FIG. 42A illustrates an embodiment of a wedge-shaped membrane cartridge 980 with membrane elements 982 attached to collection tubes 984, for example as described above. In the embodiment shown, the membrane cartridge 980 is wedge-shaped, such that the shape from the top view is a trapezoid with two parallel sides and two sides of equal length between the parallel sides. In contrast to the configuration of the membrane cartridge shown in FIG. 41A, the embodiment shown in FIG. 42A has a collector channel 986 that runs perpendicular to and between the sides, down the center of the wedge shape, rather than along the perimeter of the membrane cartridge. In the embodiment shown, the top collector channel is located at the midpoint between the sides of the membrane element 980. The membrane cartridge 980 can also have a bottom collector channel (not shown). The membrane cartridge 980 can be encased in a frame 988 or other casing, in order to provide structural support and maintain the integrity of the shape and components of the membrane cartridge 980.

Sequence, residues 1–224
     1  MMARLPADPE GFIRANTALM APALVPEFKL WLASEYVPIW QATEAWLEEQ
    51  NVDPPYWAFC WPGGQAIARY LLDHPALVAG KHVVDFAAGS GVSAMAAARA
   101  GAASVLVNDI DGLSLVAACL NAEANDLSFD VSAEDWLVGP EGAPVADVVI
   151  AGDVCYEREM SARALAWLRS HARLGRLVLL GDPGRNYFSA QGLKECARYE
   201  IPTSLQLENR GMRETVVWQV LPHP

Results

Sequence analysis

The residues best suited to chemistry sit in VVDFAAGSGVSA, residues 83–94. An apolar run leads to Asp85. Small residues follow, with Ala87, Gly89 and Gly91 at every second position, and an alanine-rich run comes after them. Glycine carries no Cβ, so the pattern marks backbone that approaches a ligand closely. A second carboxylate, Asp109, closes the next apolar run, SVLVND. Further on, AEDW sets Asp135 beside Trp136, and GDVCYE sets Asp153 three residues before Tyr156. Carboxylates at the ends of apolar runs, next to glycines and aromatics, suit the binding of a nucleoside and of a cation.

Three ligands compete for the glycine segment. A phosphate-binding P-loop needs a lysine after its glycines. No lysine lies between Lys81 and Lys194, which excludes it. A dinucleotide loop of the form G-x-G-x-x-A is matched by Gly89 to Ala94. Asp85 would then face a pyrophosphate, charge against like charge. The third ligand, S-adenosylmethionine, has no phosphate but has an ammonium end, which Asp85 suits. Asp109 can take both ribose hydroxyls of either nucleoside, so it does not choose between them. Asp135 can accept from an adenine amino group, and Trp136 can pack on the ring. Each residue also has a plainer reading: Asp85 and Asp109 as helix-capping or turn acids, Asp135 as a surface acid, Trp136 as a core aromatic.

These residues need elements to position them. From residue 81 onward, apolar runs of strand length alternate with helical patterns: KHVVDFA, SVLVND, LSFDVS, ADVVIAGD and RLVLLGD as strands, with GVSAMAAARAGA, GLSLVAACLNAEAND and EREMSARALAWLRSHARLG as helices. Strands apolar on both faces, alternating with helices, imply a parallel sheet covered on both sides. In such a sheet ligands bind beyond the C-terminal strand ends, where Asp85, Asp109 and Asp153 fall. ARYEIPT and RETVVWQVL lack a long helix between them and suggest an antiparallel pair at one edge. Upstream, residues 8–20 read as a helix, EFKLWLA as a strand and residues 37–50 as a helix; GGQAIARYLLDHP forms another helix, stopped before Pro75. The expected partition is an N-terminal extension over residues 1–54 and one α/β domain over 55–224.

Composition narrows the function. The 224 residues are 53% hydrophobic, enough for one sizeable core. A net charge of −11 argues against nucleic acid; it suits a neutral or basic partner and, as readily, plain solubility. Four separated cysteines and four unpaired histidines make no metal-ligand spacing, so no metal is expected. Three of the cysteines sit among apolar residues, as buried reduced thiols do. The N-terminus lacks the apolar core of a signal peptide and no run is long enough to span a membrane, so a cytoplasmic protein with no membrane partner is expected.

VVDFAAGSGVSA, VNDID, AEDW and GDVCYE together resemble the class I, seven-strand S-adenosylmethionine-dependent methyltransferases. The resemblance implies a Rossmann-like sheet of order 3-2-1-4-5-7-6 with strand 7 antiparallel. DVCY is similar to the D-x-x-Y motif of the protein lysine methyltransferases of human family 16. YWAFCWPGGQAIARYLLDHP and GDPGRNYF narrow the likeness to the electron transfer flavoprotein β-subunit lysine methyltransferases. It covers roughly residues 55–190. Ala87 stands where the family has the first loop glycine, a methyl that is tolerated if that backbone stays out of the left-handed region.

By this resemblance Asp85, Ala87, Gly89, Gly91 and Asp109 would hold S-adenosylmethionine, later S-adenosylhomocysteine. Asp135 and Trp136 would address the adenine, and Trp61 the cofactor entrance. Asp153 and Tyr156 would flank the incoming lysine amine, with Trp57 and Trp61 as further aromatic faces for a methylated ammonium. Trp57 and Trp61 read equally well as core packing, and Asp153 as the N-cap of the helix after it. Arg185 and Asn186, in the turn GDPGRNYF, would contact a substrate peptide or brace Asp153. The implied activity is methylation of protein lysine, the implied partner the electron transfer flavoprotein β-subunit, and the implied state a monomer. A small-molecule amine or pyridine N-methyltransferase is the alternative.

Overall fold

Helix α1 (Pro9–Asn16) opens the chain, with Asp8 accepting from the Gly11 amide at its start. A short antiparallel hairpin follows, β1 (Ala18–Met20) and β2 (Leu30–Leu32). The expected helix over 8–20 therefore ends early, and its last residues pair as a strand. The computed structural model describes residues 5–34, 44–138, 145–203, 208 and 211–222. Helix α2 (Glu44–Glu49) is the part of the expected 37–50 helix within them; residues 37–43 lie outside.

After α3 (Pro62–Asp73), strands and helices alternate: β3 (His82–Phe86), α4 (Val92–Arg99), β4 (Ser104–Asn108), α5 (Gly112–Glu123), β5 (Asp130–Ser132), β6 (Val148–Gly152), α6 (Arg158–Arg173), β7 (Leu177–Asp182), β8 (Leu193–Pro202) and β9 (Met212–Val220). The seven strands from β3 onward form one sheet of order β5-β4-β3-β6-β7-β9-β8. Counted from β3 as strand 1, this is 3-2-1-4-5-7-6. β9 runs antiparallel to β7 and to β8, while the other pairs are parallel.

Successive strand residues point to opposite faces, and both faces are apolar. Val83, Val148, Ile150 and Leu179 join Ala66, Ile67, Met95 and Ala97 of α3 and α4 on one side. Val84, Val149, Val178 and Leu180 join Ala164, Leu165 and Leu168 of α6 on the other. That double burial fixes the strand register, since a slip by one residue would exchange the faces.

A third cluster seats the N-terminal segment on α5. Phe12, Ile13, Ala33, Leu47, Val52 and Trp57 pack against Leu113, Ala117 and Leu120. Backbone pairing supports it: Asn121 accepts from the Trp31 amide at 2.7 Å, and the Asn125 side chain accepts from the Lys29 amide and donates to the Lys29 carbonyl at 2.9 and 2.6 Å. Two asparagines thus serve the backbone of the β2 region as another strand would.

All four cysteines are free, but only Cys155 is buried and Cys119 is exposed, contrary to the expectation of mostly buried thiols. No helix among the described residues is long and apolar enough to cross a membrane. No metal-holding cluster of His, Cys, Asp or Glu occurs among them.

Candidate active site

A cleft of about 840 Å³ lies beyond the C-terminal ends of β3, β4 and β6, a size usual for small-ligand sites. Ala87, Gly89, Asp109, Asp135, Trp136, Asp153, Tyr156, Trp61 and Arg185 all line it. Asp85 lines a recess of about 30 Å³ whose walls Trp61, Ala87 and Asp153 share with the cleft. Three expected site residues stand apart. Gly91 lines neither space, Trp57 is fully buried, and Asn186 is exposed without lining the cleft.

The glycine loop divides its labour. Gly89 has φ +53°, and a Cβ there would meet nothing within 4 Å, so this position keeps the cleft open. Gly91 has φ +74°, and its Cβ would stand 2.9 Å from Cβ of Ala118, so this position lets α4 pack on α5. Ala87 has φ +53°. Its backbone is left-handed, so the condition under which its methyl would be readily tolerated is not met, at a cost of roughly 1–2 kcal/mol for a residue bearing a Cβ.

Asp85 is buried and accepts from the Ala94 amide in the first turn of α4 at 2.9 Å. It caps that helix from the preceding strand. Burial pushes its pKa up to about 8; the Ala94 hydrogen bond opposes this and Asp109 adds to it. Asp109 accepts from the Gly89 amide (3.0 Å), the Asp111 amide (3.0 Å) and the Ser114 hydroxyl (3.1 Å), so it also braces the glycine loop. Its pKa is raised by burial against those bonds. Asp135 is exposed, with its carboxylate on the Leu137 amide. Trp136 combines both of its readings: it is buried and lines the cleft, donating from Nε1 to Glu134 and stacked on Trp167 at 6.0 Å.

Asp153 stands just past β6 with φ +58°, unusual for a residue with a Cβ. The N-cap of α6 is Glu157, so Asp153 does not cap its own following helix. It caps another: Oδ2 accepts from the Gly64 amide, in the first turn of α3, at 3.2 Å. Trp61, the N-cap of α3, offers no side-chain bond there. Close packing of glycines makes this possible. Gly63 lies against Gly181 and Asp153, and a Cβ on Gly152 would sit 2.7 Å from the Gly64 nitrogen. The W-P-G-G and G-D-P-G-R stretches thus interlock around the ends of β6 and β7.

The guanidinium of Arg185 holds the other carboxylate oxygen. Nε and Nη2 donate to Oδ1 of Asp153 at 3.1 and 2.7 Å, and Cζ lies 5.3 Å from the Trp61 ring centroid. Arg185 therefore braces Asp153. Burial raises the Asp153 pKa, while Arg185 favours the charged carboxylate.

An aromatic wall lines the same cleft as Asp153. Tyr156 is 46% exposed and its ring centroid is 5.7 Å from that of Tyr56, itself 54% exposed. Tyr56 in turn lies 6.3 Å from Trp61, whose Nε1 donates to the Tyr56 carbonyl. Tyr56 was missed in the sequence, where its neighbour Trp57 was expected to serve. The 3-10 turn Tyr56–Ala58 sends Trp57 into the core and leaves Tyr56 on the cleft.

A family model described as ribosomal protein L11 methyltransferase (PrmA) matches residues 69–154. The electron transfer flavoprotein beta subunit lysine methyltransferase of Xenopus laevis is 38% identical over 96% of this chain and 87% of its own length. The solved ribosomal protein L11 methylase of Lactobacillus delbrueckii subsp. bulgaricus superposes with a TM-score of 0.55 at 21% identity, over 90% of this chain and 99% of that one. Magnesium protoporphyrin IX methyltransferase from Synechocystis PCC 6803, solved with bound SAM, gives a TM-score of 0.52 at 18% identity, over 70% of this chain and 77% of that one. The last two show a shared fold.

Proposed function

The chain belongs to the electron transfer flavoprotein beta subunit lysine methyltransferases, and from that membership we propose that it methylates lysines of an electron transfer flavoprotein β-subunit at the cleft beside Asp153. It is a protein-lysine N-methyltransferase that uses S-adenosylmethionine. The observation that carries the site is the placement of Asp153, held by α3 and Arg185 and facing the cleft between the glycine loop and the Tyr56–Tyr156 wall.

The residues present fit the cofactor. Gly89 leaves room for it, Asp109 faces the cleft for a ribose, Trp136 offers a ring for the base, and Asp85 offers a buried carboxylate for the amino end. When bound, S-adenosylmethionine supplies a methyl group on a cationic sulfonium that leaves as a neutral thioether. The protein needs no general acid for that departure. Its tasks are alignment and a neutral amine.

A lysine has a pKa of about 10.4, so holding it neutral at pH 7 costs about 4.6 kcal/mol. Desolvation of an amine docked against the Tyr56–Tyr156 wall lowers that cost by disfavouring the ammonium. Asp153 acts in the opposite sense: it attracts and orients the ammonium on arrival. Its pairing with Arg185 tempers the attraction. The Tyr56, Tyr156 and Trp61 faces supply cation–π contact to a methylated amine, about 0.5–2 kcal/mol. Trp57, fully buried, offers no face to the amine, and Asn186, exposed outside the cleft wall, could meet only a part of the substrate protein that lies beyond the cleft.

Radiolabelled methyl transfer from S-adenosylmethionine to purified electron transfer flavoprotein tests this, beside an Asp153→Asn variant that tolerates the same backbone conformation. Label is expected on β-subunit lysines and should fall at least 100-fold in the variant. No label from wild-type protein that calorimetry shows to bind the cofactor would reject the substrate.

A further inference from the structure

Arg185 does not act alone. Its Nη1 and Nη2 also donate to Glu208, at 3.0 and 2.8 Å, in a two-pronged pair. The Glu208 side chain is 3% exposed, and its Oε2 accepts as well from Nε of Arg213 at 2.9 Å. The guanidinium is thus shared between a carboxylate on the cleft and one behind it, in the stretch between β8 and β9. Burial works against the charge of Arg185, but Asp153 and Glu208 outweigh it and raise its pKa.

The membrane cartridge 980 also includes a plurality of collector tubes extending normal to, and fluidly connected to, the collector channels 986. The membrane cartridge also includes a plurality of structural supports that run along the length of sides of the membrane elements 982, and which are parallel to the collector tubes. The membrane elements can be attached to and in fluid connection with collector tubes, as described herein. In some embodiments, the membrane elements wrap around the structural support tube and are attached at two sides to adjacent collector tubes. In some embodiments, the membrane elements are attached at one side to a collector tube, and at a second side, to a structural support tube.

FIG. 42B depicts an exemplary arrangement of collection tubes positioned along the centrally-positioned collection channel shown in FIG. 42A. Each collector tube has two membrane elements attached that extend out to opposite sides of the membrane cartridge. One skilled in the art will recognize that numerous configurations of collector tubes and membrane elements fall within the scope of the present disclosure.